Alejandro Salas, Director, Department of the Americas, of Transparency International and his colleague, Ximena Salazar, OAS Liaison Officer, Americas Anticorruption/ Conventions Programme for Transparency International, spoke about the almost endemic problem of corruption facing many countries in the Americas.
Salas noted that the least progress has been made in the areas of protection of whistleblowers, establishing oversight, international collaboration, and opening spaces for citizens’ participation.
Jacome said that 13 of 21 countries appeared to have made progress in providing access to information, but the reverse was true for fostering and protecting freedom of expression. In regards to the strengthening of civil society, 12 of 21 countries showed progress, and on decentralization of local governments, progress was observed in only 9 of 21. Uruguay showed the most progress, she added.
Of note is that of the 34 countries to be represented at this weekend’s summit, only 21 are covered by the assessments, and neither Belize nor the United States are included.
Even though it is clear that there are strong concerns on the part of civil society about the actions taken by governments to strengthen the whole democratic process, there is also the fact that there is no “big-stick” policeman to enforce anything or penalize countries for ignoring the commitments to which they fix their signatures. Jacome acknowledges that this is one of the main problems facing the region, but leaders who sign on to mandates are to be held accountable.
Salas says that one extremely important point to note is that organizations working at national level feel they have bigger muscle when a country has committed to something on paper. Individuals feel that the commitments that come out of the process are good for them, and give them the muscle they need to demand change.
According to Klinger, the financial crisis for sure will have an effect on the capacity of countries to meet the urgent task of reducing poverty, and even though ECLAC figures claim poverty has been reduced from 44% to a third in the Americas, there is still much work to be done, and the financial crisis will not help.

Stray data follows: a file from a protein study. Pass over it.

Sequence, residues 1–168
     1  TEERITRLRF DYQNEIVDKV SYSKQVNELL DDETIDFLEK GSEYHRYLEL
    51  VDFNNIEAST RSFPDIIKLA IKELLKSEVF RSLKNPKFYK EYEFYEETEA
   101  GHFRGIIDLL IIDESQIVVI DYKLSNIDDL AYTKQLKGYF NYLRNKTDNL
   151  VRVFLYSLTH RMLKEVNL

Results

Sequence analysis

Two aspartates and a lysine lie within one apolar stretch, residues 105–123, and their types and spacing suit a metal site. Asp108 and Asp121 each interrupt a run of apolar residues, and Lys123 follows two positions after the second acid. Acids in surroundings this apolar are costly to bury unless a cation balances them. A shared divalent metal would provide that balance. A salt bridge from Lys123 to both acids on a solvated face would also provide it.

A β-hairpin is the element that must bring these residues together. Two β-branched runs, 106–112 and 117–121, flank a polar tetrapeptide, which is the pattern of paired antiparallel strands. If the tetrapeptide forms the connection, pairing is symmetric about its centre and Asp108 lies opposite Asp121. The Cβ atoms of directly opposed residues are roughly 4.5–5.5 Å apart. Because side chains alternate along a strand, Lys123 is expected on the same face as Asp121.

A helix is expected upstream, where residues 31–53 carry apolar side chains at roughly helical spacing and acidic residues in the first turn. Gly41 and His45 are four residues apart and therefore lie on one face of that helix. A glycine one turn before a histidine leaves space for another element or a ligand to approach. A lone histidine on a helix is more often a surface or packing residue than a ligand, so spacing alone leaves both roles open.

She said that extra effort is needed to address the issue, and special programs are needed to target the poor. But she also made the statement that there are people in our region who feel that democracy is not delivering for them.
Jacome says that at the national level, people need to start demanding that national governments act to fulfill their requirements and meet their mandates.
It’s not over yet. On Friday, civil society reps meet with the Foreign Ministers of OAS member states attending the Port of Spain Summit. The ministers will also be meeting with representatives of youth, the private sector, indigenous peoples, and labor.
The big question they now have is whether the pace of progress will speed up with the added push from a more aggressive civil society movement.
At the opening of the forum this week, Trinidad and Tobago’s Prime Minister, Patrick Manning, praised civil society for its “indispensable role” when he officially opened the summit, which was convened aboard the Carnival Victory cruise ship, where some of the several thousand summit guests flooding Trinidad are also staying.
An official Summit release says that according to Manning, “…without civil society’s presence in the hemisphere, many in need of care and compassion may not have been comforted, while others who faced misfortune may have been denied support.”